Johanna Skibsrud is on the Giller shortlist. I'll write more later when I have a minute to sit down for half a second. For now, here's the text of our press release:
On Tuesday 5 October the Scotiabank Giller Prize unveiled the 2010 shortlist for Canada’s richest literary prize for fiction. Included on the list was Johanna Skibsrud’s novel The Sentimentalists. The prize, worth $50,000, will be awarded at a gala event in Toronto on 9 November 2010. The shortlist, chosen by journalist Michael Enright, American novelist Claire Messud and British novelist Ali Smith, includes:
David Bergen’s novel The Matter with Morris (HarperCollins)
Alexander MacLeod’s short story collection Light Lifting (Biblioasis)
Sarah Selecky’ short story collection This Cake Is For The Party, (Thomas Allen Publishers)
Johanna Skibsrud’s novel The Sentimentalists (Gaspereau Press)
Kathleen Winter’s Annabel (House of Anansi Press)
According to the Scotiabank Giller Prize web site (www.scotiabankgillerprize.ca) CTV has confirmed that it will be the official media partner of the Scotiabank Giller Prize gala for a sixth consecutive year. Seamus O’Regan will host the gala, which will be broadcast live on Bravo! and CTV.ca with the CTV network premiere the following day, Wednesday, November 10, 2010. Subsequent encore broadcasts and complete broadcast details to be announced soon. CTV will once again support the broadcast with a dedicated website, giller.CTV.ca.
About the Book
Johanna Skibsrud’s debut novel connects the flooding of an Ontario town, the Vietnam War, a trailer in North Dakota and an unfinished boat in Maine. Parsing family history, worn childhood memories, and the palimpsest of old misunderstandings, Skibsrud’s narrator maps her father’s past.
Napoleon Haskell lives with Henry in the town of Casablanca, Ontario, on the shores of a man-made lake beneath which lie the remains of the former town. Henry is the father of Napoleon’s friend Owen, who died fighting in Vietnam. When her life comes apart, Napoleon’s daughter retreats to Casablanca and is soon immersed in the complicated family stories that lurk below the surface of everyday life. With its quiet mullings and lines from Bogart, The Sentimentalists captures a daughter’s wrestling with a heady family mythology.
"The real beginning of this story," says Skibsrud, "was a summer that I spent working on Flagstaff lake, a lake that covers four now submerged townships in northern Maine, and served as the inspiration for the lake and the buried town in my book. That fall, with the beginnings of a story in my head, my father began to speak for the first time about his experiences in the Vietnam War. I am still not sure exactly why he told me his story when he did, but I think it had to do – it was 2003 then – with the wars in Iraq and Afghanistan, which had been for some time stirring in him a deep anger toward a government willing to repeat the mistakes of the past at the expense of innocent people; soldiers as well as civilians. My mother thinks that my father told me his stories because he knew that I would do something with them – what I did write, though, was not my father’s story, but my own. And it is not a true story. At its root, though, there are two true things. One is my father’s testimony following Operation Liberty II in 1967, in which he spoke out against the murder of a civilian woman by the Captain of his squad. The other is the feeling I got floating over the buried towns of Flagstaff Lake: a feeling of the way that everything exists in layers, that nothing disappears; it just gets hidden sometimes."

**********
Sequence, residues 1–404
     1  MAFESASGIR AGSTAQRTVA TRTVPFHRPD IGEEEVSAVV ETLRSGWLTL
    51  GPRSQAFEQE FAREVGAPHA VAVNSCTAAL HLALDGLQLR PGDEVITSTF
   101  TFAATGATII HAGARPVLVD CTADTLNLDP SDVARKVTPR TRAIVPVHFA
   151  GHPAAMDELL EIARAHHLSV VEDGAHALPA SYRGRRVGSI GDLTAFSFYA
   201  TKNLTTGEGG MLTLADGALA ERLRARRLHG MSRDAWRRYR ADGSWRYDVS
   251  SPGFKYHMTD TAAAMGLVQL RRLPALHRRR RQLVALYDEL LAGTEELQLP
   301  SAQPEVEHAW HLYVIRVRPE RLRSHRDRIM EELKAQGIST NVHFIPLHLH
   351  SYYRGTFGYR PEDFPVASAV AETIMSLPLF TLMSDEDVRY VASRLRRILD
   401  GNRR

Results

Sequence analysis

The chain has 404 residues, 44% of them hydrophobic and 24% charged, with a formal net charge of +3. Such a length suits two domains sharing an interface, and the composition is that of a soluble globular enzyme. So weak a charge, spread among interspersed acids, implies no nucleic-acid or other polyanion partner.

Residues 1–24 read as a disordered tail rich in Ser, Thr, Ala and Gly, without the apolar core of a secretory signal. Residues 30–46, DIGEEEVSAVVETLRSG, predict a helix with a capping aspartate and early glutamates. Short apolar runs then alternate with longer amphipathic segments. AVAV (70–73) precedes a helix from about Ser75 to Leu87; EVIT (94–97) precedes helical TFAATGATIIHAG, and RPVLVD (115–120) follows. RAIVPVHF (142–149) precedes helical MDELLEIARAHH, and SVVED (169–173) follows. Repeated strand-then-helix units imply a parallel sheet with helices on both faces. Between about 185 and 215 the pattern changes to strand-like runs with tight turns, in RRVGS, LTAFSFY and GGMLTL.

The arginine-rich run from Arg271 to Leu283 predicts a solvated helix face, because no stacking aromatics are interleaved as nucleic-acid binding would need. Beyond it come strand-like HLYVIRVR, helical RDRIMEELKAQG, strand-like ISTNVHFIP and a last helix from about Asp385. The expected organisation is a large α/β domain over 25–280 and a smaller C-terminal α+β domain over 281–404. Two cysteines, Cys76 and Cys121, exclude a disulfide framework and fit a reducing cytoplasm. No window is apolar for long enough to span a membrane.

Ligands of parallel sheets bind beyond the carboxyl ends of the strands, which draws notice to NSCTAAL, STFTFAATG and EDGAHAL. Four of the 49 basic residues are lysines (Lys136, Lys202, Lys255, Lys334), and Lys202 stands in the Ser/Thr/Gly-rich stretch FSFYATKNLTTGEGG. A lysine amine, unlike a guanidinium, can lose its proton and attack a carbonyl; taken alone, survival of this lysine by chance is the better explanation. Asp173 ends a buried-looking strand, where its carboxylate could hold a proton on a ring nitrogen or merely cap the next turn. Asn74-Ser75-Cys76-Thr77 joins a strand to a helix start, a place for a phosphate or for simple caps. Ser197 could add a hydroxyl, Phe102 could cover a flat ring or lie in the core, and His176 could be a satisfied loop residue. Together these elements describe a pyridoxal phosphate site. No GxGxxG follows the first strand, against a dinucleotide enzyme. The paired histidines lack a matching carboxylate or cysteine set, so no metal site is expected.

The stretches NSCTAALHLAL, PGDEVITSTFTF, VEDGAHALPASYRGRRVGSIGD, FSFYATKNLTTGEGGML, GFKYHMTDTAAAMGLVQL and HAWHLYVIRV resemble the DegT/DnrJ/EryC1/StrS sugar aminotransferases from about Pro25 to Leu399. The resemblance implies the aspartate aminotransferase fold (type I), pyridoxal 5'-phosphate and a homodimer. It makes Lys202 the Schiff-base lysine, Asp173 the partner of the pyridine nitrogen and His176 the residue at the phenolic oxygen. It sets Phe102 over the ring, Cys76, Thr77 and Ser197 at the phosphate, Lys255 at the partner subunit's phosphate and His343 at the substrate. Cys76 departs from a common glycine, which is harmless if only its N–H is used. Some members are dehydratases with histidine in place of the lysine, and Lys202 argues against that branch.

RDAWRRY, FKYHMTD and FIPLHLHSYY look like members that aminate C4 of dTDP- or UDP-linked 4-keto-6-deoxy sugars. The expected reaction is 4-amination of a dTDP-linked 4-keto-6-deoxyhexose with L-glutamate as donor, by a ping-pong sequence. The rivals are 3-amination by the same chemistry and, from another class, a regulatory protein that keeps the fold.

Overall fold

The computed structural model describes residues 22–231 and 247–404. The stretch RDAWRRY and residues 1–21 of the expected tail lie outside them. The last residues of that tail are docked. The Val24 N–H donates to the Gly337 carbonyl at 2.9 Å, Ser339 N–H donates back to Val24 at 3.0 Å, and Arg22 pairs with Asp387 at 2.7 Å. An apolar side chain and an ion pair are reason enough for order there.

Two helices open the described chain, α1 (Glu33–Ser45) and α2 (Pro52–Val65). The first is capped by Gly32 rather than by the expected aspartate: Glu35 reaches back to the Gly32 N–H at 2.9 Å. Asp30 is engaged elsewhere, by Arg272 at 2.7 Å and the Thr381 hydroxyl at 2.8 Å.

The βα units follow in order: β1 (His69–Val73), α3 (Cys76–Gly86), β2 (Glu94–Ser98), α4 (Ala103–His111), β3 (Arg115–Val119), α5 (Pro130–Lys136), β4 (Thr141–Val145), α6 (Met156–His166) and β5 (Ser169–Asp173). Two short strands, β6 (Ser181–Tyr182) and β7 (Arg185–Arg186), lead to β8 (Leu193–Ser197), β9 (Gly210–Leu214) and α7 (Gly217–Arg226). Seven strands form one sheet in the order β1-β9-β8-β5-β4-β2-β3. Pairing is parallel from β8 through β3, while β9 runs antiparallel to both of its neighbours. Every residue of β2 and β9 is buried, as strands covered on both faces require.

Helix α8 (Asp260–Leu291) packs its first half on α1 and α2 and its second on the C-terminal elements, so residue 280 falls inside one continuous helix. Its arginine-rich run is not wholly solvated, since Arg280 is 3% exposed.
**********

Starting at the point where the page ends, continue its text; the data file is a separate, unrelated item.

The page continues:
The Sentimentalists, designed by Gaspereau Press’s Andrew Steeves, recently won first place in the the fiction category of the Alcuin Society’s 2010 competition for Excellence in Canadian Book Design. Typeset in customized version of Eric Gill’s Joanna types, the book prompted Alcuin judges to hail Steeves as "a modern day Eric Gill updating the medieval." The sheets were printed offset, folded into signatures, Smyth sewn and bound into paper covers. They are enfolded in a letterpress-printed book jacket features an illustration by Wesley Bates. The book retails for $27.95.
About the Author
As well as The Sentimentalists, Johanna Skibsrud’s first poetry collection, Late Nights With Wild Cowboys, was published in 2008 by Gaspereau Press and was shortlisted for the Gerald Lampert Award. Her second poetry collection, I Do Not Think That I Could Love A Human Being, was published by Gaspereau Press in 2010. Originally from Nova Scotia, she now lives in Montreal.
For more information about the Scotiabank Giller Prize:
For general information, interviews, author photos, imposition advice … etc.
Gaspereau Press Limited
Gary Dunfield & Andrew Steeves, Printers & Publishers
47 Church Avenue, Kentville, Nova Scotia, B4N 2M7
e: email@example.com T: 902 678 6002 f: 902 678 7845